Indiana_amish_buggy

A few more of Cindy Seigle’s Orange County, Indiana Amish photos with a few of my own comments attached.

Again, we aren’t 100% sure which of the two Orange County groups each particular picture is from, but apparently there are similarities between the two groups when it comes to dress and technology.

In this photo you can see obvious signs of a lower-order buggy–no SMV triangle, side-view mirrors, or windows.

The father’s bob-style haircut is typical of the Swartzentruber group, but again, as there are similarities in appearance between the two settlements, he could in fact be a member of the Paoli group.

Indiana_amish_school

Some Amish kids enjoy large playgrounds with softball diamonds.  Others make due with what they have.  Meyers and Nolt write that Orange County Amish schools are likely the most austere in Indiana.  Still looks like a lot of fun.

Amish_women_walking

Slowly but surely.  By foot is sometimes the simplest way to go.

Some people express surprise at seeing more mainstream Amish in sneakers and tennis shoes.  Though I’m not sure that the lower-order groups in these photos would approve of such footwear, comfortable modern shoes are common in many Amish communities.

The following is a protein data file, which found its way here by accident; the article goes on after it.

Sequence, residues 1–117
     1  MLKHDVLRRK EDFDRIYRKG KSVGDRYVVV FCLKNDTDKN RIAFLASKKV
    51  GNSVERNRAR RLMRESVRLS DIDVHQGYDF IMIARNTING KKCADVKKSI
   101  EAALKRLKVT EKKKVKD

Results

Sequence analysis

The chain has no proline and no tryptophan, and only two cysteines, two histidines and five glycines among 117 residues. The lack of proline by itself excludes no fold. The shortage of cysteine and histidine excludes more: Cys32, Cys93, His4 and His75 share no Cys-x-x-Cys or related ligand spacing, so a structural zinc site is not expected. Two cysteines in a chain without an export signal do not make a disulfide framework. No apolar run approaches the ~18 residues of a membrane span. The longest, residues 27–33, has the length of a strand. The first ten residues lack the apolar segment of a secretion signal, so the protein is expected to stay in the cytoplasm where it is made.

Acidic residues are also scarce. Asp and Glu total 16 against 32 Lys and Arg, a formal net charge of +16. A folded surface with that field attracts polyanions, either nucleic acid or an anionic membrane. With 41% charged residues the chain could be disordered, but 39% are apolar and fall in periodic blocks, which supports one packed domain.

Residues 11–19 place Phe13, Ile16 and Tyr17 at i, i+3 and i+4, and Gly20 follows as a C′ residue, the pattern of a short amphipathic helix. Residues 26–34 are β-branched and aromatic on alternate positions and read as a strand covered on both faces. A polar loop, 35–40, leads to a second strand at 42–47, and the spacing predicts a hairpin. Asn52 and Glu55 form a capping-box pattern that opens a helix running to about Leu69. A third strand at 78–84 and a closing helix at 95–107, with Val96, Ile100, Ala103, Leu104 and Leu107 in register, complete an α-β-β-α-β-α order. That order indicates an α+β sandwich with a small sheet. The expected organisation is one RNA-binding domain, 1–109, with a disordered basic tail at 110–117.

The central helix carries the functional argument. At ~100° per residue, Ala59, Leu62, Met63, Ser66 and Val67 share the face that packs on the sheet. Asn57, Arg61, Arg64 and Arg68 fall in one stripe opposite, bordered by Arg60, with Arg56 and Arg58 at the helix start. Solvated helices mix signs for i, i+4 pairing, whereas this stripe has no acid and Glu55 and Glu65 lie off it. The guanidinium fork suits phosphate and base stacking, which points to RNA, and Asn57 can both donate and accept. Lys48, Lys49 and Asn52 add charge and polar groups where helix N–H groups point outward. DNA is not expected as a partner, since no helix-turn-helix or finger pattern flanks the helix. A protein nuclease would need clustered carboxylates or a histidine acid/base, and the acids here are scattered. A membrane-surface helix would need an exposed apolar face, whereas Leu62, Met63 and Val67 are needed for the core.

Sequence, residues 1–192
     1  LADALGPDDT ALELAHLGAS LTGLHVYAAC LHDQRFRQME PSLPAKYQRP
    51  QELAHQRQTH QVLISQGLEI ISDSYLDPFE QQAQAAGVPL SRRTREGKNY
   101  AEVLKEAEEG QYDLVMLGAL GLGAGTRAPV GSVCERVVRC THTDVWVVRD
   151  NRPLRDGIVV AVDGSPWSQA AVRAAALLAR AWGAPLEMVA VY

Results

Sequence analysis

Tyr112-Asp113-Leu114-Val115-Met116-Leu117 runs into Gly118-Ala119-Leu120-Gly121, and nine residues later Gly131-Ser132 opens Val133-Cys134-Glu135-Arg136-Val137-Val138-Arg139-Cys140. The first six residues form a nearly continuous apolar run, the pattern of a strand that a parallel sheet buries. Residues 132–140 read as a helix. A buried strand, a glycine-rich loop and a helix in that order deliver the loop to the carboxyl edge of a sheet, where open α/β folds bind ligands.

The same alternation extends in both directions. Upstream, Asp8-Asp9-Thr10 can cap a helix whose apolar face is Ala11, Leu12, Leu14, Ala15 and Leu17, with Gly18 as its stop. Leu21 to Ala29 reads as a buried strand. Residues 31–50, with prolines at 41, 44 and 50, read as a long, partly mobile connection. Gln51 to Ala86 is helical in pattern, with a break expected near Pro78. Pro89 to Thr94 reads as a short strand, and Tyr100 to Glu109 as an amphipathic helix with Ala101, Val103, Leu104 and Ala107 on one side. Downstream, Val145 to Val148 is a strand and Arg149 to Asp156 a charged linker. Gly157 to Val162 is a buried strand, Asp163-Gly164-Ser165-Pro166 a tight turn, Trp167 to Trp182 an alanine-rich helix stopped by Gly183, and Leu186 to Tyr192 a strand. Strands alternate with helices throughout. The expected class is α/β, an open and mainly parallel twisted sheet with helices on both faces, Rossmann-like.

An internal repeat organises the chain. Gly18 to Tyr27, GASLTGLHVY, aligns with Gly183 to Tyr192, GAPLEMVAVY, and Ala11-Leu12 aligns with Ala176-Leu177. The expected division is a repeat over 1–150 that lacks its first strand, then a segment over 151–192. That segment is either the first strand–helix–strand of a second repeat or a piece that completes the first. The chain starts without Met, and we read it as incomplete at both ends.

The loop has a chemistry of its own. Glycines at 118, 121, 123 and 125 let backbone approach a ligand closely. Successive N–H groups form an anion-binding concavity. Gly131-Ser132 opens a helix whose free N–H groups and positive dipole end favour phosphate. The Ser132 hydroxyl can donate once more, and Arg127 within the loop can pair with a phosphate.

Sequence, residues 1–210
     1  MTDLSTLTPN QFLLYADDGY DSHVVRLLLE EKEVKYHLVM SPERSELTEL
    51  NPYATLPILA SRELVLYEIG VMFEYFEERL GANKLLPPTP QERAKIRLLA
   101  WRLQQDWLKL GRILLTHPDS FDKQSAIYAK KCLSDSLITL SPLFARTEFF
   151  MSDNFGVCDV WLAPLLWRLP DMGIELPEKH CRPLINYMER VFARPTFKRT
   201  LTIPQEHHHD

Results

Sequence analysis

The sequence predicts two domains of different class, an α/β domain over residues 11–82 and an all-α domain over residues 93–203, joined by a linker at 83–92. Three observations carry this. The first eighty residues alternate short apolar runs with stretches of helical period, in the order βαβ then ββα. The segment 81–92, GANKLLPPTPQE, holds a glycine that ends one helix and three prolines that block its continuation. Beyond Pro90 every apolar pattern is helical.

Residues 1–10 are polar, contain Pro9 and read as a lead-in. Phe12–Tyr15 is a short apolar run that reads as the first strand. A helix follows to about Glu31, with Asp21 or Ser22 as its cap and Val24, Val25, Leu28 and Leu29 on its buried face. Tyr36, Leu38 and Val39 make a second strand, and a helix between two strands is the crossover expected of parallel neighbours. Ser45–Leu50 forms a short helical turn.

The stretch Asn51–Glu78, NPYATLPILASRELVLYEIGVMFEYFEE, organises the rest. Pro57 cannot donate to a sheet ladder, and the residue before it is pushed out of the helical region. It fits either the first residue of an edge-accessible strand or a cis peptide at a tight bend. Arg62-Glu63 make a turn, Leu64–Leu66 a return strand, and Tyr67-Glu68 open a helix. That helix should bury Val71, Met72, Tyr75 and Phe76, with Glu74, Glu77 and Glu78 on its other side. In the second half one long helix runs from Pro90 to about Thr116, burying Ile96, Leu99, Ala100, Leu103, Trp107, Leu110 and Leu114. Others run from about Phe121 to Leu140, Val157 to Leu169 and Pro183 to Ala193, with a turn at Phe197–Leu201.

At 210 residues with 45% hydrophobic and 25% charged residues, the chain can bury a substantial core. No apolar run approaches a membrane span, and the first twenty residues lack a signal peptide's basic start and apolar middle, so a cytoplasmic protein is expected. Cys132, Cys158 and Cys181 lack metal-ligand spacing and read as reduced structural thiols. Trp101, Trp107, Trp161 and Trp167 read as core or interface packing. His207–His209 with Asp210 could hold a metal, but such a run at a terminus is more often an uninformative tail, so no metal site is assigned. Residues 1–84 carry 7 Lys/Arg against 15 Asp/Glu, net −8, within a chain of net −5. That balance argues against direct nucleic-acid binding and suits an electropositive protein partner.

In any case, the Amish do not avoid comfort for the sake of suffering.  Amish appreciate comfort as much as you and I do.  Technological restrictions and dress guidelines help to preserve community by serving as a symbolic separation from the world and hampering destructive outside influences.

Indiana amish buggy orange county

Open-front buggies are also a sign of a more conservative Amish group.  Many Amish venture into town quite frequently to do shopping or on general errands.

Do the Amish ever live in town?  In some communities, such as Topeka, Indiana, or Mount Hope, Ohio, a large percentage of a hamlet’s residents are actually Amish.  Sometimes elderly Amish will move into town, and some will sell their horse if they become infirm or find they are able to manage without it.

Amish_men_at_work

Steel wheels are par for the course for most Amish-owned farm equipment.  Rubber is used in some groups but is less common.  Steel wheels work fine in the fields, but are a bit ‘unhandy’ on asphalt, which is the point.

I remember listening to a steel-wheeled tractor approach on a rural byway near Kalona, Iowa.  You could hear it quite a long way off.  Things are not always too quiet and peaceful in Amish America.

Amish_windmill_2

Thanks again to Cindy for the great photos. If you like you can read more about Indiana Amish, or visit the Indiana Amish furniture directory.

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